The 6 Best Whiskey Drinks for Fall
The leaves have fallen, and the season of margaritas and Tom Collinses and anything with tonic water is now hibernating until spring brings its thaw. Now? Now is the time for settling into the season of warmth and spices. And, most importantly…whiskey. Real whiskey lovers, whether bourbon, scotch, rye, or a blended, will always tell you the best way to truly appreciate a whiskey is in a glass: neat, and with just a tiny drop of water. You can find our guide for that approach here.
But, there’s also plenty of fun ways to combine solid but less expensive whiskeys with other fall-ish flavors to truly embrace the season. Aromatic bitters, winter citrus, spices, and even heat can all play with the vanillins, the unique flavor compounds in whiskey that come from its aging in charred white oak, to create something else entirely. Something very, very good.
1. The Old Fashioned The quintessential bourbon cocktail is also quite conducive to autumn. The orange, deep caramel sugar flavors, and Angostura are all, when you think about it, vocative of the smells of the season. Find ManMade’s recipe here:
How to: Make the Ulitmate Old Fashioned…The Old-Fashioned Way
2. Irish Coffee Sometimes, whiskey is enough to take the chill off, but sometimes, you actually want something warm. Coming in from a crisp fall run or bike ride? Drink an Irish coffee. Putting the finishing touches on your outdoor holiday light display? Drink an Irish coffee. Is it a month that falls between or includes September through May? Drink an Irish coffee. This is what I do:
- Pour 2 oz of Irish whiskey (like Jameson’s) into a warmed mug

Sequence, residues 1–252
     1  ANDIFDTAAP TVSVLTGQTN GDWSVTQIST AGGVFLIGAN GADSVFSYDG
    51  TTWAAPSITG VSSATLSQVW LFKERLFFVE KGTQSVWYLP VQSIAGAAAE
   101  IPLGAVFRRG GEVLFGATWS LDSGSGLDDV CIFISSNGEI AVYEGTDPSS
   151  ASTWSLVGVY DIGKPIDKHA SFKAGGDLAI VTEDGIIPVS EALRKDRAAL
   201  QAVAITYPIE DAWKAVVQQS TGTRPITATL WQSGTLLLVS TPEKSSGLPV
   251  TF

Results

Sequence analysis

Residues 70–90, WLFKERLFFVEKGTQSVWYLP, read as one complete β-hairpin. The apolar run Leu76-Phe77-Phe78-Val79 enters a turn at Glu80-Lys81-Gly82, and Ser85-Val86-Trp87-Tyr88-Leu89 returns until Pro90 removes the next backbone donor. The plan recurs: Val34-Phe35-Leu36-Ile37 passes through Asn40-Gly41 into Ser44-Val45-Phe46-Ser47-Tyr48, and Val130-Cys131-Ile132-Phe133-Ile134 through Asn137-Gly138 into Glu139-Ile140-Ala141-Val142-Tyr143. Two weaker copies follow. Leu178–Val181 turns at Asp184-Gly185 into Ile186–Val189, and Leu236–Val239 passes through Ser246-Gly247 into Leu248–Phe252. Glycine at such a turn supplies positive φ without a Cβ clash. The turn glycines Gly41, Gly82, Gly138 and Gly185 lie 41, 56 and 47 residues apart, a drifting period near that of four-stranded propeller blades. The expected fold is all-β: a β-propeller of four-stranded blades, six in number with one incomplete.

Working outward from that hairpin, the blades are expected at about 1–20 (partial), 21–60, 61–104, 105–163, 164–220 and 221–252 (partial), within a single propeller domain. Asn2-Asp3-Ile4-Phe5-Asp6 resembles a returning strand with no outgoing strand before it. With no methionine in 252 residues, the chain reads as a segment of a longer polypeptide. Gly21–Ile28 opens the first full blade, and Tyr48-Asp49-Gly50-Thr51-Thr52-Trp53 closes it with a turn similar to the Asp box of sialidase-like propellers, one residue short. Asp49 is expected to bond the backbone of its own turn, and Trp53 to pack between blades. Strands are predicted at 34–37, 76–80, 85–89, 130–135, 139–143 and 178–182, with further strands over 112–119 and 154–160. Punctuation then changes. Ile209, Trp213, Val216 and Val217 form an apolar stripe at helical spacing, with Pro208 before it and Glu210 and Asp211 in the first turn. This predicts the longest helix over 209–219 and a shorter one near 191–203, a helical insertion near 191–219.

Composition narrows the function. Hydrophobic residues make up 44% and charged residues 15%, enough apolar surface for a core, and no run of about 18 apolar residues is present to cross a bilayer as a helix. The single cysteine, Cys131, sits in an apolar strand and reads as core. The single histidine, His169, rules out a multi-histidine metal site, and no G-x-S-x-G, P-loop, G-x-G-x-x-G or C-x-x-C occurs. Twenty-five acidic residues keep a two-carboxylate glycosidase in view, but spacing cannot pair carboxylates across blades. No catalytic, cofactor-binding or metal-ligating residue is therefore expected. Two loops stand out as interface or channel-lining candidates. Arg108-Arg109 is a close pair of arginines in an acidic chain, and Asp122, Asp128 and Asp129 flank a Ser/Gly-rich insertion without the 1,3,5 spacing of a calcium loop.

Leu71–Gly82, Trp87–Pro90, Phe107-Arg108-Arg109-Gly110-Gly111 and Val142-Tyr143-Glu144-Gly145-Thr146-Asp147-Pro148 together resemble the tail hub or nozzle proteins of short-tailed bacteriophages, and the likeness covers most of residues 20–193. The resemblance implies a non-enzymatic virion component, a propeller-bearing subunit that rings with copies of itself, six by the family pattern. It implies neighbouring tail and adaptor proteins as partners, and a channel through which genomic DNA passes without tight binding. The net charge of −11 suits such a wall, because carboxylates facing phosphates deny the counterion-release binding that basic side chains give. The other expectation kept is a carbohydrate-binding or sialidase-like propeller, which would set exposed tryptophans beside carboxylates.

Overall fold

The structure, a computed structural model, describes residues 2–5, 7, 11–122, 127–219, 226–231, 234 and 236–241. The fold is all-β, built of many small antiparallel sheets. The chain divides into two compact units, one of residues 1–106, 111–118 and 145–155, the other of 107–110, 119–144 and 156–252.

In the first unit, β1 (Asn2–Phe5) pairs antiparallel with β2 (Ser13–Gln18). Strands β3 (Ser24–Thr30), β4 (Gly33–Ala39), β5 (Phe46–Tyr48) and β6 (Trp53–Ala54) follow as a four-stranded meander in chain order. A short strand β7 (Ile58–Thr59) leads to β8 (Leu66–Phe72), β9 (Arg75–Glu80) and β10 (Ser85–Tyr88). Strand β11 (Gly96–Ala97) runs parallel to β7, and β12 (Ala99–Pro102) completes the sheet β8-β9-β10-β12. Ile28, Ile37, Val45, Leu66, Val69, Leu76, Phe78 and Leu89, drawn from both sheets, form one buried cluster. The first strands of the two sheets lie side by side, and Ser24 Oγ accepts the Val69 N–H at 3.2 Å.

- Add 1 teaspoon of super fine sugar, or 1/4 oz of 2:1 simple syrup (recipe here)
- Pour in 6 oz hot coffee
- Top with a few spoonfuls of lightly beaten heavy cream (just whip it up with a fork), or pour cream over a spoon to allow it to rest on top
If you’re not a coffee person, try a hot toddy: 2 oz whiskey, 6 oz hot black tea, a squirt of honey and a bit of lemon. Done and done.
3. The Suburban is, admittedly, a very, very unlikely cocktail. It’s made with rye whiskey and orange and angostura bitters, sure, but – get this – rum…and port. Cocktail expert David Wondrich writes for Esquire,
If you could distill carved-oak paneling and club chairs, leather-bound volumes and three-cushion billiard tables, this is what you’d get. Mellow, robust, comfortable. The rum mellows the tang of the rye, the port tames the raw edge of the distillates, and the bitters add a touch of the exotic, like the stuffed head of that rare Asian gazelle that hangs over the doorway. Not a summer drink, but by August 15, we’re willing to call it fall if it means we can have our Suburbans again, and by December 15 you’ll have a hard time prying us away from them.
Get Wondrich’s recipe (my go-to) at Esquire
4. The Rob Roy is similar to the Manhattan, but better: cause its made with smoky Scotch, instead of rye. Try one stirred with ice, and try one neat. Garnish with a lemon twist, or to be more seasonally appropriate, a bit of clementine peel. Get the recipe here.
5. Spiced Apple Cider Of course, it’s much better to be drinking whiskey with friends then drinking it alone. So, here’s my pick for a autumnal punch that’s good for sharing with others…perhaps on Thanksgiving. I don’t have a consistent recipe; I just put a half gallon of cider in the slow cooker with a bunch of mulling spices then shake it up with ice, or serve warm. But, this recipe from Jewels of New York looks like they’ve worked out the portions just right, so I’ll be trying this as the turkey roasts this year.
6. The Maple Leaf This year, I’ve been learning and experimenting with how different sweetners affect the taste of a drink: white sugar vs. raw sugar vs. gum syrup vs. agave vs. honey, etc, etc. The results? A lot, especially if it’s the most distinguishable sweetner of all – maple syrup. You can’t ever hide its characteristic…um, mapleness, so you might as well embrace it.
- 2 oz bourbon
- 3/4 oz real maple syrup
- 3/4 oz fresh lemon juice
Shake with ice, and serve in a mason jar. It’s basically a whiskey sour, but with a bit more character. And, if you want to enjoy one with your breakfast pancakes, we won’t judge.
How do you enjoy your whiskey in the chillier months? Let us know in the comments below.